It was 1999 and I’d been in L.A. for two months. I had been accepted into OTIS art school for a summer semester most of which I spent feeling like an outsider. Not only had I moved from one of the more conservative states (Utah), I was raised Mormon which gave me no social connection to those who had been raised “normally”. The kids at OTIS would talk about having their first drink at twelve or going to raves and although I had the appearance, black hair and piercings, I felt like my throat Chakra was blocked and gagged. All I could do was take in my surroundings in a blur of over stimulation. I walked through L.A. like a social zombie eating up any experience I could. This was the year I started smoking. It was exhilerating and having something in my mouth at all times kept me from having to release my secret to the world that I could not relate to it.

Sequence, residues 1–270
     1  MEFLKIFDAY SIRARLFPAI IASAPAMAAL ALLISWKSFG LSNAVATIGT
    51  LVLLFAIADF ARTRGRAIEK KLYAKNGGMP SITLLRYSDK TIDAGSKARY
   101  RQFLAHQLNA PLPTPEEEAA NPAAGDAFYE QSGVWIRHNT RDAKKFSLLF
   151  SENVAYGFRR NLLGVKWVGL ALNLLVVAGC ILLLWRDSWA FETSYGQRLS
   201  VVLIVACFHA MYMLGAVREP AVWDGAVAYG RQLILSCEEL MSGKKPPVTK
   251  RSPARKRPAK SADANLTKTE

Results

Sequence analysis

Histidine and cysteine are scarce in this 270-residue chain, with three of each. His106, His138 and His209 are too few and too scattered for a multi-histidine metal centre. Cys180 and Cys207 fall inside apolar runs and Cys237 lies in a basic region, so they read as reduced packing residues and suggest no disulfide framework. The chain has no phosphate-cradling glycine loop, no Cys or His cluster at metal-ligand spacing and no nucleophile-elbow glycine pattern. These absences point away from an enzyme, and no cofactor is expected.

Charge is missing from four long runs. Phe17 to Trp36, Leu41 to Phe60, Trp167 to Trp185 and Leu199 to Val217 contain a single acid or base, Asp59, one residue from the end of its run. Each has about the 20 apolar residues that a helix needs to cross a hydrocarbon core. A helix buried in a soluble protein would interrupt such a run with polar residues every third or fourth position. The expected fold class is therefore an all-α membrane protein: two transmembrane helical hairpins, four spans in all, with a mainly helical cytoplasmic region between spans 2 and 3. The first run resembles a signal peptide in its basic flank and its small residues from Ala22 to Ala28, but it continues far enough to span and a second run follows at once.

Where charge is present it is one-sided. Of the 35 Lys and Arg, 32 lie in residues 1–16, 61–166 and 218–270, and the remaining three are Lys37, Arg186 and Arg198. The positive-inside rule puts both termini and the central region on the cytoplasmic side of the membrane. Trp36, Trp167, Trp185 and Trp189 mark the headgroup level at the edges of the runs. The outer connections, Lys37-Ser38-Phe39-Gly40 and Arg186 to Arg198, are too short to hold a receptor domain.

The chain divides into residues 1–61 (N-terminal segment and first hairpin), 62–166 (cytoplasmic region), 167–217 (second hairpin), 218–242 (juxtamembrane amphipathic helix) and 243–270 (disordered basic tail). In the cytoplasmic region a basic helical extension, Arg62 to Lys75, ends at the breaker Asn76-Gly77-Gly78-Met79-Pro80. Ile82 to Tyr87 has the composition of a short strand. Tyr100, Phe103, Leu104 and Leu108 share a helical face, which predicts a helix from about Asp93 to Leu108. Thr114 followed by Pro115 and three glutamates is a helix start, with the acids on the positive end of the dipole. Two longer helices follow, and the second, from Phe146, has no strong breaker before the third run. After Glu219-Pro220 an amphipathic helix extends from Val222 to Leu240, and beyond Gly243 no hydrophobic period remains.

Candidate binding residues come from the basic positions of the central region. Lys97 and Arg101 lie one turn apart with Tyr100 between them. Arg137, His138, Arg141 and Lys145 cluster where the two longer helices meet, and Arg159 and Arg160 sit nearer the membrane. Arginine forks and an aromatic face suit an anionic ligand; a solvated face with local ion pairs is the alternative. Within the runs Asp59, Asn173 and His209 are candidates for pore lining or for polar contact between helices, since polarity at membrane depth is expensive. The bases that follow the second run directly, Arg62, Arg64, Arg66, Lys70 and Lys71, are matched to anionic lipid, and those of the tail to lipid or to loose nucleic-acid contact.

During that summer I caught word from one of my instructors that the Getty museum was having it’s grand opening. Having been a docent at the BYU MOA a year prior I had a love of museums and was more than stoked to think I could be there for the epic opening day of a museum I’d passed years before with my family while it was under construction. My dad explained that the construction had been going on for fifteen years, it must be magnificent! The day of the opening approached and I couldn’t find one art student actually interested in going. Most of them, in hindsight, were more interested in drugs and being part of an art scene than actually doing art or gathering inspiration. So I decided I would map out my quest and head out at 9 am on the Metro. The day felt magical. The smell of jasmine was in the air and already the temperature was moderate and brisk. The first bus took me through Gardenia where I stopped into a KMart and was the only white person. I’ll never forget the sound of shopping carts going silent as heads turned and I walked through with a sense of alienation I’d never experienced in homogenized Salt Lake City. Even this felt magical, like time stopped and I could now relate to people in a conversation about feeling like a minority. “Oh yeah, I remember this one time in Gardenia..” I grabbed some snacks and walked out to the bus stop with a newfound paranoia as I noticed all the occupants of cars and sidewalks were also bright black! The bus arrived and I joined the blank faces of those immune to the magic of a new day who were headed to their thankless jobs in the city. The bus took us through downtown proper and we passed streets with paper swirling around and drunks begging the driver for a ride. The buildings towered above us and I careened my head to look up at them. As we left the city and went into Westwood the windows were like their own museum pictures: Drag queens and gay guys in short shorts. Groups of Asian tourists and expensively dressed women littered the sidewalks. I took handfuls of corn nuts and ate them like I was in a theater and the outside world was the action packed movie. Then, at last, we reached Getty hill. I could see the museum approaching and it was no let down. The bus dropped us at a shuttle which carried us to the top of the hill. I eagerly bought my ticket for one and proceeded to the line of people entering. The woman in front of me was Australian and I listened to her explain to the couple in front of her how she was in the United States all by herself. Suddenly, I felt like I had a comrad. This woman was a step ahead of me, in a whole new country by herself, maybe that would be me one day. We entered through the gate with a parade of paper machete heads on stilts. A band was playing and the sun opened up on the platform. It felt like heaven! Everything was white and beige stone and the architecture was made in such a way that light would shine through every room and corner. I walked reverently through the courtyard looking at the surrounding structures and wondering where to begin. The first mini-museum I entered had David Hockey “Pearblossum Highway” against the wall. I stared at the picture for a good few minutes deciding that “I really like this guy”. It wasn’t the picture alone, it was the axiomatics, the context, the association of arousal. It was everything culminating in that moment. The next picture I saw was a photograph of a bullet striking a wall. It was brilliant! It was like my entrance into L.A. if there had been a time lapse. A hard steel bullet smacking a wall and dispersing brass shrapnel into the air. From room to room I carried my sketchbook and took notes, drew pictures, drew people. After exploring the paintings and the tapestries, the room of the Getty pre-build models and sculptures I went out to the gardens which had also been landscaped to perfection. I felt ridiculously wealthy as I walked towards the side of the hill where I could see all of Westwood reveled to me among a garden of galvanized steel sculptures and rare eco-friendly horticulture. It was zero scaped, which was a new way to plant without the need for water in a city that had been experiencing a drought for as long as I could remember. I took a deep breath in as the sun shown down on nineteen year old me and my little sketch pad. The day was perfect. Hours later I rode the bus home as the sun set and rest my head on the glass, falling asleep next to an old black lady named Rose who wasn’t having that great of a day. I didn’t say more than ten words, but this experience lodged in my mind so that one day when I did have a voice I would be able to talk about it.